When I got the rights to my songs back I decided that I would never sign a traditional publishing deal again – because no-one knew my catalogue better than I did, and nobody would care about it as much as I would. I thought I may as well work it myself.
There is nothing worse than knowing that your songs are not being heard.
Then I started thinking about all the great songwriters I knew, and how they had written amazing songs and the productions were of an international standard, and I thought – hey! I am not alone. There are loads of NZ writers who have great tracks and they are sitting in closets collecting dust – because they’re either unpublished, or their publishers have long ago forgotten they exist.
And that’s how Songbroker began.
I started Songbroker to help New Zealand musicians profit from their creativity and earn a much-needed income for what they have produced: their music copyrights. It’s nothing to do with culture or being parochial, it is to do with appreciating quality music and knowing there is a market for that.
I am pretty realistic; it’s still not easy, and with commercial radio play of NZ music at an all-time low (yes, it really does still matter) I know that the traditional path that is taught to young musicians isn’t for me or many of my peers. For us, the future of music is playing it live and getting it licensed onto projects. It is using our copyrights to generate income.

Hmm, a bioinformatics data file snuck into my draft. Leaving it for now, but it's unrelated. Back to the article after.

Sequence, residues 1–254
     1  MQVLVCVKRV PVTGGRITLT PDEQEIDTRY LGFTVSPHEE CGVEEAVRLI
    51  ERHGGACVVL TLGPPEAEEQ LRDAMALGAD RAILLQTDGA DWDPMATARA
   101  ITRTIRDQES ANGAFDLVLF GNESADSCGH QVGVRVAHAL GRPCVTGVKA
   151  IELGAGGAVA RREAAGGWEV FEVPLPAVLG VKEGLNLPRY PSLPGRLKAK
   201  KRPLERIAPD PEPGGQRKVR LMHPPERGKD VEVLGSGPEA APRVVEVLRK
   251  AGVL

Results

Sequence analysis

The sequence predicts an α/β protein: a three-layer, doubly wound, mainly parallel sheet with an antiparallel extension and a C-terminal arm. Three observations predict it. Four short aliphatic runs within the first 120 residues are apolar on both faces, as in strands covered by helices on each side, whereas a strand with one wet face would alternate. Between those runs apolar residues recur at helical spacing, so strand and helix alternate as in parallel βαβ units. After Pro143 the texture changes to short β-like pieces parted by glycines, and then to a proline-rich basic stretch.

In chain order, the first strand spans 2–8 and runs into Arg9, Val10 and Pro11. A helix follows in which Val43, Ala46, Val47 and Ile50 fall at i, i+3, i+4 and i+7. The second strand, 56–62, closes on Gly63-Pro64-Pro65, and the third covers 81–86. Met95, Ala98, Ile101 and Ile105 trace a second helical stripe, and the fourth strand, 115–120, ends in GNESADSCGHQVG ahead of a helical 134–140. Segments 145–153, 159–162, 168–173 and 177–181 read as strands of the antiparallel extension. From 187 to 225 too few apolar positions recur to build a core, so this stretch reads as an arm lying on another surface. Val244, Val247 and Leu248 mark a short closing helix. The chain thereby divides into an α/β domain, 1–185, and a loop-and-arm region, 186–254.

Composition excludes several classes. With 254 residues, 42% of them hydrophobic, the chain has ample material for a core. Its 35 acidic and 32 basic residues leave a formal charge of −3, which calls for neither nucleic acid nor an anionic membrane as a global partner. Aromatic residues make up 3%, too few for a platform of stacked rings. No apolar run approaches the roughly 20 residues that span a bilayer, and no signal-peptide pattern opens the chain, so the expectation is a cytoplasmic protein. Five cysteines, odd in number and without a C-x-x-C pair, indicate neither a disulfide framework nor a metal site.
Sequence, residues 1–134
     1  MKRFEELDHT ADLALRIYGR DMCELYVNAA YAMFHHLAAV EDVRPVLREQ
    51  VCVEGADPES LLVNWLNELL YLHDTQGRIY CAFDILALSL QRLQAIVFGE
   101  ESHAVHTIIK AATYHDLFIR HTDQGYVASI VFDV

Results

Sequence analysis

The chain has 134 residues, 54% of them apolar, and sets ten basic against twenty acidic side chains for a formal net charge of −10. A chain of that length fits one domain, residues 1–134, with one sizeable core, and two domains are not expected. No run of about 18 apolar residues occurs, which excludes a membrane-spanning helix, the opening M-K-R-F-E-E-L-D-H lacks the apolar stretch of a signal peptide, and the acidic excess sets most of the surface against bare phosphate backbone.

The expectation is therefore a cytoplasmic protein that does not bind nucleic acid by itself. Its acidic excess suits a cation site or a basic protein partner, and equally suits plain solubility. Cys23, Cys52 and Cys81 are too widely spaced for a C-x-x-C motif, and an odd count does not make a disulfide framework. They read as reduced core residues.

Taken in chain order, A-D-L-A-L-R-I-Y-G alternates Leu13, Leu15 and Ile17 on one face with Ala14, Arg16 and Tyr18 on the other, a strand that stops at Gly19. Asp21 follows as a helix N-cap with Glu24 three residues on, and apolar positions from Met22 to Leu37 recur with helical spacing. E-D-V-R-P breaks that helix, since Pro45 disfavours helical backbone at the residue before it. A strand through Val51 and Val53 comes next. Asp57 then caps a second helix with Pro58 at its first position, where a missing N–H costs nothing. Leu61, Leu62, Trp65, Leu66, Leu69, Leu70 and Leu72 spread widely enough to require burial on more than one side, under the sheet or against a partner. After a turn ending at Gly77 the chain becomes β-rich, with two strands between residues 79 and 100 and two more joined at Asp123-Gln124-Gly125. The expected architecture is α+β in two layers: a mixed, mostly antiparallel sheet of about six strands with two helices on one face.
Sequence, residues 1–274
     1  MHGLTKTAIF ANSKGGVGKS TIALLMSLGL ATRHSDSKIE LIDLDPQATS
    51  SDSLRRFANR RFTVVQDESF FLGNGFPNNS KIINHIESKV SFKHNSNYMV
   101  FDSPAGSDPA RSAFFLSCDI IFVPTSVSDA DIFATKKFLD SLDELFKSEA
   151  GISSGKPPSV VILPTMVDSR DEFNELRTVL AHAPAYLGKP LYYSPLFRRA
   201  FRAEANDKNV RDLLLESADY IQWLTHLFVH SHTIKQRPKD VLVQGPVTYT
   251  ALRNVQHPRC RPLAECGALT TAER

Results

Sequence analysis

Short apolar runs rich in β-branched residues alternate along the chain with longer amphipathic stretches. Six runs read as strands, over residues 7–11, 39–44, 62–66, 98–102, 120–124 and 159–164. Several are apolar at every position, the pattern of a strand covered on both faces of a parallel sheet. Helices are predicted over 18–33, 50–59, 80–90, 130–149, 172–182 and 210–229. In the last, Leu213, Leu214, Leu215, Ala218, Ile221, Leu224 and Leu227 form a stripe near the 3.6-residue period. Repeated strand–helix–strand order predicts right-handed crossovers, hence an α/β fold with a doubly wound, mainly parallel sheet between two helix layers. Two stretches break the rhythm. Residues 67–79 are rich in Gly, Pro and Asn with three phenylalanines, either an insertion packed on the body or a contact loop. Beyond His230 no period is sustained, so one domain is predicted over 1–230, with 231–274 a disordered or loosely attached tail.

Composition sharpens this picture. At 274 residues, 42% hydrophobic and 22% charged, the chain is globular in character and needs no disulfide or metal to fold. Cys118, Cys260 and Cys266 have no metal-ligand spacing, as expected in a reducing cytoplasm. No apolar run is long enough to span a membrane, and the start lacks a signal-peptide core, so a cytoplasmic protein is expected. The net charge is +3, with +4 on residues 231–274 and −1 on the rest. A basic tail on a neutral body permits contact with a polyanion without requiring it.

Over the last five years I have made a lot more of an income from my music by being placed on films and TV shows than I have through performance royalties and selling recordings.
And that's where Songbroker comes in. The best way to get people along to your restaurant is to be on the street with other restaurants, so that when people think about eating, they are thinking about your street.
I figured if I put loads of great songs in one place, people who were looking would be attracted to visit, look through the catalogue and find something they liked. Or even find an artist they wanted to explore further.
I wanted Songbroker to be a safe and collaborative place for artists as well. A new model for music publishing, without one-sided multi-decade contracts, where songwriters can stay as long as they think it’s working for them and if they want to leave, they can – quickly and easily with no strings or unfair retention clauses.
For music users, Songbroker is the place you can go if you want to find original music for a project. Simple. It is easy-to-clear, high-quality music and it's cost-effective.
If you are thinking about music for an ad campaign, TV show, online video, film, or documentary then call in and check out Songbroker - because not only will you be getting something real that someone has put their heart and soul into, you’ll be supporting the local music industry.
Songbroker officially launches on Wednesday.
Jan Hellriegel continues to write, record and perform music and her next album, Sportsman of the Year, is in production.